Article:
Saturday, March 21, 2015

Soft power outage

Some time ago John Kerry complained RT had acquired too much global influence. For those coming out of hibernation this time of the year, RT is the Russian virtual mammoth Putin has unleashed to spew conspiracy theories and other propaganda in response the Western media’s carefully balanced news coverage. So I decided to check it out. The first segment that came up showed an RT correspondent asking a US state department communicator a simple question: why has the US condemned Russian military exercises within its own territory as destabilizing, while failing to recognize that NATO’s military deployments along Russia’s borders could have the same effect? Instead of giving a simple answer (like: Russia borders Ukraine), the State Department official got into a casuistic argument over what exactly his office had said in response to Russian saber rattling. So how could the free world counter Putin’s propaganda blitz? I was going to say: start by subjecting Sate Department spokespeople to some sort of psychometric test. But this, of course, would be a bit insensitive. So perhaps hire the creative personality that coined the phrase “soft power outage”?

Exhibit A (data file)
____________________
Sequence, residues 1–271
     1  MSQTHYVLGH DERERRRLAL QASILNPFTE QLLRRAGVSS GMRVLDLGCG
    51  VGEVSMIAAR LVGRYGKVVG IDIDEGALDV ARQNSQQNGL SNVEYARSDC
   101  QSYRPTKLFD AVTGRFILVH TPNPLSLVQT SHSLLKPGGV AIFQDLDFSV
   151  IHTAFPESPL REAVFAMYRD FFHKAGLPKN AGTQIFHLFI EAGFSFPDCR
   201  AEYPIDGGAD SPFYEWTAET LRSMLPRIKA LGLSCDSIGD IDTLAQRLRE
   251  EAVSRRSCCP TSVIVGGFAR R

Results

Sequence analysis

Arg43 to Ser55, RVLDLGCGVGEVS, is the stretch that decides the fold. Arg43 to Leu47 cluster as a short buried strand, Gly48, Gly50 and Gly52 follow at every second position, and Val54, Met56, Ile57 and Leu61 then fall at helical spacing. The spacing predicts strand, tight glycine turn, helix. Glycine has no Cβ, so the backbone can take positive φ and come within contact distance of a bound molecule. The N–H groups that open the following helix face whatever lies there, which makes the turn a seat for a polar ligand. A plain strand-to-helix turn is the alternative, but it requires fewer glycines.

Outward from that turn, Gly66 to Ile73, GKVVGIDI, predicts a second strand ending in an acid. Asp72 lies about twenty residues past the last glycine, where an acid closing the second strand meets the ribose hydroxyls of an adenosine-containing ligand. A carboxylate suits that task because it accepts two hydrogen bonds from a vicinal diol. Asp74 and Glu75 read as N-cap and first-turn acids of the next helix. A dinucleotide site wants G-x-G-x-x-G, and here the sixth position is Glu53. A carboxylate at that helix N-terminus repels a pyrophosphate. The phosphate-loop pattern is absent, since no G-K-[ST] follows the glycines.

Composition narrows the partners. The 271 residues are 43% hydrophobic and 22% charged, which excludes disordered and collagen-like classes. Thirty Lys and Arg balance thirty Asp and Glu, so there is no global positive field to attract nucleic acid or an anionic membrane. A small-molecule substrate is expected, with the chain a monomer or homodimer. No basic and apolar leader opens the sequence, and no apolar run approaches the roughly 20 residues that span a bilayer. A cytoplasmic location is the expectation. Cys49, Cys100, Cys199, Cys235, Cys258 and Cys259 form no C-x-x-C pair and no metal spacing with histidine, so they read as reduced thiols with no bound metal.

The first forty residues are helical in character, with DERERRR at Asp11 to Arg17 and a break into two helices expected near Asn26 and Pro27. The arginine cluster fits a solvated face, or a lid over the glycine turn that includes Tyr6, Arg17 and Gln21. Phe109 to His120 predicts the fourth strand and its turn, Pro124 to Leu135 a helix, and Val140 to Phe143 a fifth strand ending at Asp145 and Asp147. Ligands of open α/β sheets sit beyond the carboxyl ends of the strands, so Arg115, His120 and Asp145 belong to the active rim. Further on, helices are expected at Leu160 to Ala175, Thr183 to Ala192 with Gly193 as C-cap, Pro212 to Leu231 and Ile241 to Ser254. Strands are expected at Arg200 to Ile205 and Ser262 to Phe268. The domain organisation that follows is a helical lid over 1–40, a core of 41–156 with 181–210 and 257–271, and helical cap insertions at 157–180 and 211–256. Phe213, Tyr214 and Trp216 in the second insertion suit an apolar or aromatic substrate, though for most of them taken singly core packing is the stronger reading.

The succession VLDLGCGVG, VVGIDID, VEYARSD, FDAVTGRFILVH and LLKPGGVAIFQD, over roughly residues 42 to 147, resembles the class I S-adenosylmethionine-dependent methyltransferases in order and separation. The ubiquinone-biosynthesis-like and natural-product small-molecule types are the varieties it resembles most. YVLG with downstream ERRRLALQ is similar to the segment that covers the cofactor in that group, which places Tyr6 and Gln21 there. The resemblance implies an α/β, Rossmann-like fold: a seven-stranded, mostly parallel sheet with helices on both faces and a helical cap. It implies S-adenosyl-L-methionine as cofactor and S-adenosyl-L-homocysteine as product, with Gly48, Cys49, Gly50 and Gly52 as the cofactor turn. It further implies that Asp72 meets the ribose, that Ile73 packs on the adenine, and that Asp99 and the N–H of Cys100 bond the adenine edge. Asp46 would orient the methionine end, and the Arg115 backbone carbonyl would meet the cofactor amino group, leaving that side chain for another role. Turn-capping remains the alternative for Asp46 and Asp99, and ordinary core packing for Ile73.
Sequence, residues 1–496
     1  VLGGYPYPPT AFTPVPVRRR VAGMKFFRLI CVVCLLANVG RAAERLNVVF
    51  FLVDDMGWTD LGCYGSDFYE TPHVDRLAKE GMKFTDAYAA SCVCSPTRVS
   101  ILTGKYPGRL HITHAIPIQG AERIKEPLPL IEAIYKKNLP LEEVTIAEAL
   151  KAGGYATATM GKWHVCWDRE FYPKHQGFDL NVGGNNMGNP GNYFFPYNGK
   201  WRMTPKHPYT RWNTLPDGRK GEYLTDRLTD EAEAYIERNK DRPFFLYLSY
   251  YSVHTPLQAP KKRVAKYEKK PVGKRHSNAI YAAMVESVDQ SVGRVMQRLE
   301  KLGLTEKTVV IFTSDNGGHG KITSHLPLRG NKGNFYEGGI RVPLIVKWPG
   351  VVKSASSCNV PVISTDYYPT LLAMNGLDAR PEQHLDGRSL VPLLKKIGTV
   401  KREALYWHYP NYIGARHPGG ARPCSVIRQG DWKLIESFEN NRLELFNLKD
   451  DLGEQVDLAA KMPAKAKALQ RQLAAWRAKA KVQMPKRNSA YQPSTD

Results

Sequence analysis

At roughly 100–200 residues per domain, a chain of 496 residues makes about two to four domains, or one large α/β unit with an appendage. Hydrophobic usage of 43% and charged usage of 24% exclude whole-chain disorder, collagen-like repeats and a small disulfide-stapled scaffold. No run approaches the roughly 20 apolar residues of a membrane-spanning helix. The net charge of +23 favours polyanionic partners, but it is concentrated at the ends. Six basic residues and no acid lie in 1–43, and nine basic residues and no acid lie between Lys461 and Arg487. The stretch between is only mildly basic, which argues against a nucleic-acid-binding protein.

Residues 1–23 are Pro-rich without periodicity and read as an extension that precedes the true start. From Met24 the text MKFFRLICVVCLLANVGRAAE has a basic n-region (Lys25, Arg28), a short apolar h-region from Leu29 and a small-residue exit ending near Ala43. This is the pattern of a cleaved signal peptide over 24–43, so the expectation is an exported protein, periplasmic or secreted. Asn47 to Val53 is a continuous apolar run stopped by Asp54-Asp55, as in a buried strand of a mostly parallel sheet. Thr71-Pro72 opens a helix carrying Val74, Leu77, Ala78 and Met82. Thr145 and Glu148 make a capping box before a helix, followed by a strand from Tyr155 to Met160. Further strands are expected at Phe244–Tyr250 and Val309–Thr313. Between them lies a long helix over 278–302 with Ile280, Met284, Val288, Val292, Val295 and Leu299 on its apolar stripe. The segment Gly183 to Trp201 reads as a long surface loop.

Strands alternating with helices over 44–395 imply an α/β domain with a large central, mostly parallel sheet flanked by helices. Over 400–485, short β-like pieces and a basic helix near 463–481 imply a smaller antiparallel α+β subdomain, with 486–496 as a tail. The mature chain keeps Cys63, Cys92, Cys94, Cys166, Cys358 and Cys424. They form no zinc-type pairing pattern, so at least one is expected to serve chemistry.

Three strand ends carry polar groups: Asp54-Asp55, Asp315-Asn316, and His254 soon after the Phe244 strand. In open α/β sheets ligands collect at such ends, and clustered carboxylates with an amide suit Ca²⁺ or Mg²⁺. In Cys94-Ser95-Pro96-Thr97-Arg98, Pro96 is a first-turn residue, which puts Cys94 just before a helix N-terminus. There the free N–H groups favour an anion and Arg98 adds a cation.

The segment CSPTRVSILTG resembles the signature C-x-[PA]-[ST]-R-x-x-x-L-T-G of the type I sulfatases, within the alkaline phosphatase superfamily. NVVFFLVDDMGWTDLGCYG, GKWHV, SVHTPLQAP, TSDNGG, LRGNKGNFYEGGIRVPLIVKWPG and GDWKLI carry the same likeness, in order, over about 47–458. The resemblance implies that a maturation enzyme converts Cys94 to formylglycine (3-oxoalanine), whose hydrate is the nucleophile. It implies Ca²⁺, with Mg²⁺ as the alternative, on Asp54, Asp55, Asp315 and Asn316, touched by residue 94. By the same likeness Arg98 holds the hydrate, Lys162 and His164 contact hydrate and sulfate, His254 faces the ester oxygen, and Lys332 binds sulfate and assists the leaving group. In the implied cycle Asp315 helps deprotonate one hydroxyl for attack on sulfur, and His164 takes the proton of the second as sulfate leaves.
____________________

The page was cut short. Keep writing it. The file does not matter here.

Speaking of insensitive, there was another segment – this time on Euronews – that caught my attention. It showed a giant German military plane which had come to pick up the remains of the German tourists killed in Tunis the other day. The plane sported a large “Luftwaffe” sign, and the kind of rectangular cross German panzer and stuka bombers made so famous during WW II. If Wikipedia is to be trusted, “Luftwaffe” is a generic German word for “air force,” and throwing such a household brand name on the dustbin of history probably seemed unwise. But why, then, not go all the way and restore to the German armed forces the name they so proudly carried until May 1945 – “Wehrmaht” (which translates merely as “defense force”)? Frankly, it’s hard to see any logical reason.